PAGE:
It can be a difficult vine to grow and can have setting problems during flowering and rot during ripening because of its thin skins. However, the thin skin means that it doesn't have the tough tannin of thick-skinned cabernet and that has been the reason that it is so popular as a blending option. A little bit of merlot tends to round out a boisterous young cabernet. It is vinified in the traditional red wine way but most merlots can't take as much new wood as the equivalent cabernet, nor do they have the same longevity.
Merlots plummy mid palate richness and smooth tannins mean that it is suitable with leaner types of meat: lean pork, veal, and spring lamb.
Pinot gris is intriguing. It is a white grape that makes white wine, but the variety is a mutation of the black grape, pinot noir and when ripe on the vine, the grapes are a tawny brown colour. It dates back to medieval times. There is a record of the Emperor Charles IV taking pinot gris cuttings to Hungary in the 14th century. It is well travelled and has gained fame in Alsace, Germany and in Italy where it is known as pinot grigio.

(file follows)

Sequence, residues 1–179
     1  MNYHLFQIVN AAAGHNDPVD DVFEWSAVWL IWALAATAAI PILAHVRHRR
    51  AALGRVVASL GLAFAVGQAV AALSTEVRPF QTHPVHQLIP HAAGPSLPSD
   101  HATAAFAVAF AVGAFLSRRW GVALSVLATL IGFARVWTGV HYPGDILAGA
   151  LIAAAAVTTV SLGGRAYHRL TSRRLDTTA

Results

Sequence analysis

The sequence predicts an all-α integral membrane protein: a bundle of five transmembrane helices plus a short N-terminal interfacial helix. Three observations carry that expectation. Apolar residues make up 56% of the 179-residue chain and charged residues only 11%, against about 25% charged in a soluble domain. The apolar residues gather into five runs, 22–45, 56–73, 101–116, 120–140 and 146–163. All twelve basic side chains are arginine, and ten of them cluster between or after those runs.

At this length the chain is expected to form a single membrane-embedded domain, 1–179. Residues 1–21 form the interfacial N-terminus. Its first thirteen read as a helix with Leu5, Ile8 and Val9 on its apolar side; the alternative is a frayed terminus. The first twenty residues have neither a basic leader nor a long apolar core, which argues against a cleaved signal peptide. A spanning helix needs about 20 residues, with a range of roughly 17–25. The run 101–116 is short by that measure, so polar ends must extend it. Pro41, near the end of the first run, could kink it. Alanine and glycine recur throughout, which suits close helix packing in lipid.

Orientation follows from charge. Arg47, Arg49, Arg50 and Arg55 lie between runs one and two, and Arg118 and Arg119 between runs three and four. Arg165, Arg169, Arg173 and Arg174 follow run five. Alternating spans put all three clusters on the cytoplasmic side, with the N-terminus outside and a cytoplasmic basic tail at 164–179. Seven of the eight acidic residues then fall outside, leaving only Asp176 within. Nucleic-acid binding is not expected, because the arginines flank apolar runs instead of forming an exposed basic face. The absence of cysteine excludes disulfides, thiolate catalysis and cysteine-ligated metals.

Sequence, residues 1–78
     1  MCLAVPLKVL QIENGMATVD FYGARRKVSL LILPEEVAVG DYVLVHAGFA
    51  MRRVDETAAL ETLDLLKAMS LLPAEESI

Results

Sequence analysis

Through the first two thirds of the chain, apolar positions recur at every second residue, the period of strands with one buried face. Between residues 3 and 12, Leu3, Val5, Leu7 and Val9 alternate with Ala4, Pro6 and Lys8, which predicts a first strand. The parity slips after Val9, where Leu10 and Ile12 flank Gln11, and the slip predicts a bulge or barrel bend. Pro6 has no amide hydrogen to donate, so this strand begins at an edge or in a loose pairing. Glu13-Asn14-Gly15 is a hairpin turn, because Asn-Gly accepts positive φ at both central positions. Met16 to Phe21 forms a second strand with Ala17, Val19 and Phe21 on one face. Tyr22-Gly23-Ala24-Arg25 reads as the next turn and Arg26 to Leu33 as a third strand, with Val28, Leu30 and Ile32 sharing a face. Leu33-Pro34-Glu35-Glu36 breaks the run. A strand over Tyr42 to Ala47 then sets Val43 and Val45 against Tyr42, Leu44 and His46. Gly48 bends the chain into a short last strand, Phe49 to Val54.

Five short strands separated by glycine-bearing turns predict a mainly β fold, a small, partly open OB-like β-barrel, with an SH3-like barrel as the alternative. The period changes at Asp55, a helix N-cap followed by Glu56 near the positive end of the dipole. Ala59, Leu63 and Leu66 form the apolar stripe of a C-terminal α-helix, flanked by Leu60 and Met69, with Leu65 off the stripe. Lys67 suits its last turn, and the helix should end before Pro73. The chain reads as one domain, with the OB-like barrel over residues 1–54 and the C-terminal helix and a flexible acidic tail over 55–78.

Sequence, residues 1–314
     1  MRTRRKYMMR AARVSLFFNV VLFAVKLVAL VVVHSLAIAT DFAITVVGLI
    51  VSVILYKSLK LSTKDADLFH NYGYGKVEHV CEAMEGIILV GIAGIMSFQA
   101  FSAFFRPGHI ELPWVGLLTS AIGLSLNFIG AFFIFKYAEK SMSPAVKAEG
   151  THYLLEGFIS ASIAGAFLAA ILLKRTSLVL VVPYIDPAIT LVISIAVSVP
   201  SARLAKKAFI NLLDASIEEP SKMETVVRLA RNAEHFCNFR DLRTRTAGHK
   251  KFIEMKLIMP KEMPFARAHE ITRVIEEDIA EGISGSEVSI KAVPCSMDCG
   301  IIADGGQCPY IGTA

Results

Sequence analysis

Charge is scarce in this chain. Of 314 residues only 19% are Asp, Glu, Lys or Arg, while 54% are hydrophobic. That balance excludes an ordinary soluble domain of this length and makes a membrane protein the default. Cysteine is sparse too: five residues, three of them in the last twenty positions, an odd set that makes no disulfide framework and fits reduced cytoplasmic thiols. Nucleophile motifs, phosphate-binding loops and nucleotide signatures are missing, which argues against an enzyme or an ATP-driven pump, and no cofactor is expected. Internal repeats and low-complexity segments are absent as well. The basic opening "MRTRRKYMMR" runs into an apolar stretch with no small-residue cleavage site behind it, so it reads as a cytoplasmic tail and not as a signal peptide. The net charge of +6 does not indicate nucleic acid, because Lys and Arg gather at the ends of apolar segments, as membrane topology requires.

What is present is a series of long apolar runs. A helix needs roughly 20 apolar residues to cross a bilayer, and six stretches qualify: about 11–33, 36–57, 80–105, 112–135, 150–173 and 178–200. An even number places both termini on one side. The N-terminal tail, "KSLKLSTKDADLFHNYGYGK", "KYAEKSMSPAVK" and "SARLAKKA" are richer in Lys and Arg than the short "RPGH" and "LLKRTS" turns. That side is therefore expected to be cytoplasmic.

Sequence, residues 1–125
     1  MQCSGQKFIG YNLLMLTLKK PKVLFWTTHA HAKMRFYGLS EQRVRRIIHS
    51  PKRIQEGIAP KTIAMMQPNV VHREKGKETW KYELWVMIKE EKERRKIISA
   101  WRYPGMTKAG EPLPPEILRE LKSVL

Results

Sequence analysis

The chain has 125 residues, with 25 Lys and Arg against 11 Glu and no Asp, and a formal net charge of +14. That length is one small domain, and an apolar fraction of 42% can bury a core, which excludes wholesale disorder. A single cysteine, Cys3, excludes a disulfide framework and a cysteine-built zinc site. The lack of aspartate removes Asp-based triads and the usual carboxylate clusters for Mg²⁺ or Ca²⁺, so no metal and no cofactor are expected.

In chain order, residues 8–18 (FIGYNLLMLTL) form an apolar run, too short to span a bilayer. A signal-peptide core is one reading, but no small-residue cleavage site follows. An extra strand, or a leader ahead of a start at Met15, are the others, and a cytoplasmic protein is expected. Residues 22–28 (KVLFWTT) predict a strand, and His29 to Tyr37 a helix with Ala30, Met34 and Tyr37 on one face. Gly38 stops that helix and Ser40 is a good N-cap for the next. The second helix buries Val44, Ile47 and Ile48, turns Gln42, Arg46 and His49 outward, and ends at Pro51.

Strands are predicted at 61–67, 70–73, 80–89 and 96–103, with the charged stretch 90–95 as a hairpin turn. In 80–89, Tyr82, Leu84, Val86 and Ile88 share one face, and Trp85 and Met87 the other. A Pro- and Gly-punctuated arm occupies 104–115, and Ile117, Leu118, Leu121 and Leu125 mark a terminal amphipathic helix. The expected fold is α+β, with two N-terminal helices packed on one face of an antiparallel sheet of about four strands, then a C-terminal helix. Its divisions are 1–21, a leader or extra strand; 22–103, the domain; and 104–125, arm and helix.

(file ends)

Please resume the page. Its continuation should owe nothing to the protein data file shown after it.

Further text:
Italian grigio is a very different style of wine to Alsatian gris. Some say that the Italian pinot grigio style evolved because the grape has low acidity and in the warmer climate the Italians picked the grapes earlier because they were wary of the escalating ph and the resulting wine losing its tang. The other theory is that Italians tend to prefer fairly neutral white wine and picked their grigio accordingly.
The 'gris' style is picked later, is more perfumed, textured and unctuous and suits the heavier food of Alsace and Germany. Both versions are viable - grigio is lighter, lither with more citrus flavours and a better white with Italian styled seafood, pinot gris on the other hand is more voluptuous with complex aromatics that hint at brown pear and salt spray and is delicious with pork.